obtain the sensed parameter values in a non-invasive manner. No on-board power sources should be utilized so that the device will never need to be removed from an implantation site in order to replace an electrical power source, and can therefore remain implanted for an indefinite period of 5 time. Instead, the remote reader should be used to energize the device, such as with electromagnetic energy, to thereby cause the device to sense the physiologic parameter values and transmit data representative thereof to the remote reader.
The inventors herein have succeeded in designing and 1° developing a biosensing transponder, and methods of use thereof, for implantation in an organism. The biosensing transponder includes a biosensor for detecting one or more physical properties related to the organism, including optical, mechanical, chemical, and electrochemical :5 properties, and a transponder for energizing the device with a remote reader and for transmitting data corresponding to the sensed physical property to the remote reader. Due to its small size and the absence of a need for an on-board electrical power source, the biosensing transponder of the 20 present invention is particularly suitable for human implantation, and can remain implanted for an indefinite period of time.
Nearly any type of sensor can be utilized in the biosensing transponder of the present invention, limited only by the size 25 of the particular sensor and the available space at the implantation site. The biosensing transponder can also be used for sensing physical parameter values related to other implants in a patient, including temporary implants, living tissue implants, and medical prostheses, in addition to 30 sensing physical parameter values directly related to the patient's organs and tissue.
Some examples of implantable biosensing transponders constructed according to the present invention include 3J devices for monitoring blood chemistry, such as sugar, pH, oxygenation, and hemoglobin levels, devices for monitoring blood circulation through transplanted living tissue, devices for monitoring accelerations of tissues, devices for monitoring therapeutic or unintentional doses of ionizing 4Q radiation, devices for monitoring strain forces on prostheses such as artificial heart valves and joint replacement systems, and devices for monitoring the degree of fibrosis around cosmetic implants. In every case, the biosensing transponder is energized by a remote reader for performing the particular 4J sensing or monitoring function, and for transmitting data indicative thereof to the remote reader.
By providing a means for remotely and non-invasively obtaining physiological data related to a patient, the biosensing transponder of the present invention contributes to 50 lower patient and healthcare provider risks, and should contribute to lower patient and healthcare provider costs. The biosensing transponder is particularly suitable for patients having a personal or family history of health problems for which early detection of an onset can be extremely 55 beneficial and oftentimes lifesaving.
As stated above, the biosensing transponder of the present invention includes a biosensor and a transponder. The transponder includes an energy coupler for wirelessly coupling energy from a remote energy source, and for wirelessly 60 transmitting data corresponding to the parameter value sensed by the biosensor to the remote reader. Preferred energy couplers include: inductive circuits for energizing the device with a remote electromagnetic energy source and for electromagnetically transmitting data to a remote reader; 65 photoelectric transducers for energizing the device with a remote optical energy source and LEDs for optically trans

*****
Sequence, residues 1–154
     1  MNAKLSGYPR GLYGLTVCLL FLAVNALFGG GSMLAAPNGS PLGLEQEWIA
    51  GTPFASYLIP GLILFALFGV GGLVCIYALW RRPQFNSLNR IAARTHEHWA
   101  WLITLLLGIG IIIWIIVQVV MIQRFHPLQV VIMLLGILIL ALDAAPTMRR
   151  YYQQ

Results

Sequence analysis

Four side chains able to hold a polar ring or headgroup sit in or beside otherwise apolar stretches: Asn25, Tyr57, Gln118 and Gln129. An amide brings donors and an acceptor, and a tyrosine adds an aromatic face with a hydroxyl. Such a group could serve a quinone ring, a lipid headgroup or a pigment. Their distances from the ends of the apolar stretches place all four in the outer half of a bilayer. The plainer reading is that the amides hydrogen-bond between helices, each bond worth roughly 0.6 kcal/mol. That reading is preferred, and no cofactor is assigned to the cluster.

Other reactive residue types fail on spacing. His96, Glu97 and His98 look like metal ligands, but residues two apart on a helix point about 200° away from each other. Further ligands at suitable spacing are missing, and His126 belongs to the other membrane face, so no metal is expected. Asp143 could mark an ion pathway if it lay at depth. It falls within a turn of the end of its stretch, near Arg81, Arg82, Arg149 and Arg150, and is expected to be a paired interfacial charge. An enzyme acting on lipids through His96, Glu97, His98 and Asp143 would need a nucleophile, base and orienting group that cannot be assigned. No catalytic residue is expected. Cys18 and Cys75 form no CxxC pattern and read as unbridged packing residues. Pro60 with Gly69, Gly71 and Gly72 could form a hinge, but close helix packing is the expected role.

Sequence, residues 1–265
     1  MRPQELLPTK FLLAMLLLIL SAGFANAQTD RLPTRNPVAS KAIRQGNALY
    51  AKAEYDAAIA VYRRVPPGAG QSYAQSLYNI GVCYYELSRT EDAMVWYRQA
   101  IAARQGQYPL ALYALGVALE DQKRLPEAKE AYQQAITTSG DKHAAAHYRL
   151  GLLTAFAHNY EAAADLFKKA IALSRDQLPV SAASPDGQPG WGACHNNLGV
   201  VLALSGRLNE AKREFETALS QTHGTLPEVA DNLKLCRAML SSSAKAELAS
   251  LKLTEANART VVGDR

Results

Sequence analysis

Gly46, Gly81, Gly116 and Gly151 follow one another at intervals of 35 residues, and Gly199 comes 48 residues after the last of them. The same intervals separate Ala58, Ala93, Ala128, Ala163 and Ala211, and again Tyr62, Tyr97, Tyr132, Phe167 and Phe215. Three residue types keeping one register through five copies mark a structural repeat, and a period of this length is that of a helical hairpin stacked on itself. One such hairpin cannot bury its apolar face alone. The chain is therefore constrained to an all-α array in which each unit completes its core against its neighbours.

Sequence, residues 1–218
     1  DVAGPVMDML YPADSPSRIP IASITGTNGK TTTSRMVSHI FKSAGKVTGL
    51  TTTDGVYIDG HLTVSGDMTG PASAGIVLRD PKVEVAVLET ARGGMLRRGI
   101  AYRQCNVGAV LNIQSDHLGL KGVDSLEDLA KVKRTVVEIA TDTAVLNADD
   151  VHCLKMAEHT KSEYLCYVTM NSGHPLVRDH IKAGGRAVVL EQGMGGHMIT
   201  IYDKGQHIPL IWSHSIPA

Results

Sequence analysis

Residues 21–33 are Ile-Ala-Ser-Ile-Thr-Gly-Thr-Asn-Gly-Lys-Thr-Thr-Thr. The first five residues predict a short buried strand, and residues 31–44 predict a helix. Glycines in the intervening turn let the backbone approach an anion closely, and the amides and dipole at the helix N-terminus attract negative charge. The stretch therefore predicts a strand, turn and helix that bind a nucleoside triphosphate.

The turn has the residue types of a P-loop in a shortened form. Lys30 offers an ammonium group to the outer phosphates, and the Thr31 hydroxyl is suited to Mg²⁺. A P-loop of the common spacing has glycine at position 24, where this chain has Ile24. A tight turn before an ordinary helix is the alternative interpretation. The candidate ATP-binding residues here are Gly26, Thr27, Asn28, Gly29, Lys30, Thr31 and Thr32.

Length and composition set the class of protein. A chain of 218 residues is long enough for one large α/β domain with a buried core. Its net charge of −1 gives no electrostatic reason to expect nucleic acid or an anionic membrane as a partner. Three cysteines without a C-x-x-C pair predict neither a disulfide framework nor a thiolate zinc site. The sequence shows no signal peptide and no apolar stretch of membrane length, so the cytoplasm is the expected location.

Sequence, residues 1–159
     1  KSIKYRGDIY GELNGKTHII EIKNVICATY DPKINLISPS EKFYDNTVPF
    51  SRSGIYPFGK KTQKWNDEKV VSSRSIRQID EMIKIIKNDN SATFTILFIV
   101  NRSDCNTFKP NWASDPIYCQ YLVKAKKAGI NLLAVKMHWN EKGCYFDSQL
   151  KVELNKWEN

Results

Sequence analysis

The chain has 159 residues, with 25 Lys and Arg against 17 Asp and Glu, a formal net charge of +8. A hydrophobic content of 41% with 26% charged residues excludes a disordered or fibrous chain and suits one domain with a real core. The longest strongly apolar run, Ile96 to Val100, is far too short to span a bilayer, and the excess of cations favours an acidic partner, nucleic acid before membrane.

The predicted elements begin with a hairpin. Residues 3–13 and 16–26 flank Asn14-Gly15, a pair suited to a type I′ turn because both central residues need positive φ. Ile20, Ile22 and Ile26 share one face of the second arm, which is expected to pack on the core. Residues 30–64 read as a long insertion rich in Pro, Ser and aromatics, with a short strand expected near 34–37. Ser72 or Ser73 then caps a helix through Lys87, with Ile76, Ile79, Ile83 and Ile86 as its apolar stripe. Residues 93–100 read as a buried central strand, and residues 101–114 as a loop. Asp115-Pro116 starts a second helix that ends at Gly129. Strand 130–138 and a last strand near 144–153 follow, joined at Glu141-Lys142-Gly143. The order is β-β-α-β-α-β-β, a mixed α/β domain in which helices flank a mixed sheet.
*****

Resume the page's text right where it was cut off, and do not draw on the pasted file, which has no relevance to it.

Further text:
mitting data to a remote reader; and piezoelectric transducers for energizing the device with a remote ultrasonic energy source and for ultrasonically transmitting data to a remote reader. Such transducers can also be used in combination where it is desirable to receive power through one type of transducer and transmit data with another.
These various types of energy couplers are also suitable for use with previously designed transponders, in addition to the biosensing transponders of the present invention. Where a piezoelectric transducer is utilized along with a transponder capsule, the transducer can be bonded to an interior wall of the capsule, or can simply be placed within the capsule and the capsule filled with an incompressible fluid for coupling ultrasonic energy to the piezoelectric transducer.
The transponder utilized in the present invention also includes a control circuit for performing a variety of functions depending upon the specific implementation. For example, the control circuit can be configured to delay, either randomly or by a fixed or programmed period of time, the transmission of data to the remote reader to prevent the biosensing transponder from transmitting data at the same time as an adjacent like device. Similar to previously developed transponders, the control circuit can also be encoded with data pertaining to the biosensing transponder, the patient, and/or other implanted devices within the patient, and can transmit this data to the remote reader when energized. Where a biosensing transponder utilizes optical emitters for illuminating an implant site, or for optically transmitting data to a remote reader, the control circuit can also be configured to control activation of the optical emitters, such as by alternately illuminating a pair of optical emitters by controlling pulsatile discharges of a storage capacitor.
Disclosed embodiments of the biosensing transponder of the present invention include temperature sensors, strain sensors, ultrasonic sensors, pressure sensors, chemical sensors including direct chemical sensors and dye based chemical sensors, magnetic sensors, acoustic wave sensors, ionizing radiation sensors, acceleration sensors, and photosensors including spectrophotometers. However, these embodiments are merely intended to be exemplary of the various implementations that are available, and are not intended to be an exhaustive list.
Sensors having one or more electrodes can be implemented in the present invention for a number of purposes, including for measuring biopotentials, for detecting wear or failure of mechanical prostheses, and for detecting the presence or levels of specific chemicals. When desired, the electrodes can be coated with ion-selective membranes, or can be separated from an external environment by a selectively permeable membrane such as a gas permeable membrane. Typically, sensors having electrodes are positioned within a sealed capsule with one or more of the electrodes extending through the capsule to an external environment. However, the sensor itself can be positioned in the external environment such as by sealing the sensor over an opening in a capsule containing the energy coupler and control circuit.
In other embodiments, the biosensor can be completely positioned within a capsule containing the energy coupler and control circuitry, and sense parameter values from the external environment through the capsule. Examples include biosensing transponders utilizing temperature sensors, strain sensors, ultrasonic sensors, acceleration sensors, ionizing radiation sensors, magnetic sensors, optical sensors and pressure sensors. In the case of biosensing transponders